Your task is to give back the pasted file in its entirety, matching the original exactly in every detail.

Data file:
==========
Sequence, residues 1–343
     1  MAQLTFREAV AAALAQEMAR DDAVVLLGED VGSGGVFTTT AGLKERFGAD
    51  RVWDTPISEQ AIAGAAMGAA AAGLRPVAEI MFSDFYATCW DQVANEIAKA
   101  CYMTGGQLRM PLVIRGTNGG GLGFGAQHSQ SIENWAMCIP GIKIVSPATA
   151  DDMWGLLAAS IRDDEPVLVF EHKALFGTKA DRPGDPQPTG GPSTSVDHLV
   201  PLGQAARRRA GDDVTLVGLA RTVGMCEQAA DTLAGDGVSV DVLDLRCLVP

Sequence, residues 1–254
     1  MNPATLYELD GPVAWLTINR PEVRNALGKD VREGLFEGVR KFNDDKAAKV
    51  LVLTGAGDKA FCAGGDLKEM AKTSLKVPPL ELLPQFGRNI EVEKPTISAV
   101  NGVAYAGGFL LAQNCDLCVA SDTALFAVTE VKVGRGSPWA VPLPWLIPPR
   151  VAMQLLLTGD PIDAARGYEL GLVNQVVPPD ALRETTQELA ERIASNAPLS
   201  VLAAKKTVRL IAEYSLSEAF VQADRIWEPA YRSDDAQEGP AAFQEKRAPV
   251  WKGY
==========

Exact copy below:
Sequence, residues 1–343
     1  MAQLTFREAV AAALAQEMAR DDAVVLLGED VGSGGVFTTT AGLKERFGAD
    51  RVWDTPISEQ AIAGAAMGAA AAGLRPVAEI MFSDFYATCW DQVANEIAKA
   101  CYMTGGQLRM PLVIRGTNGG GLGFGAQHSQ SIENWAMCIP GIKIVSPATA
   151  DDMWGLLAAS IRDDEPVLVF EHKALFGTKA DRPGDPQPTG GPSTSVDHLV
   201  PLGQAARRRA GDDVTLVGLA RTVGMCEQAA DTLAGDGVSV DVLDLRCLVP

Sequence, residues 1–254
     1  MNPATLYELD GPVAWLTINR PEVRNALGKD VREGLFEGVR KFNDDKAAKV
    51  LVLTGAGDKA FCAGGDLKEM AKTSLKVPPL ELLPQFGRNI EVEKPTISAV
   101  NGVAYAGGFL LAQNCDLCVA SDTALFAVTE VKVGRGSPWA VPLPWLIPPR
   151  VAMQLLLTGD PIDAARGYEL GLVNQVVPPD ALRETTQELA ERIASNAPLS
   201  VLAAKKTVRL IAEYSLSEAF VQADRIWEPA YRSDDAQEGP AAFQEKRAPV
   251  WKGY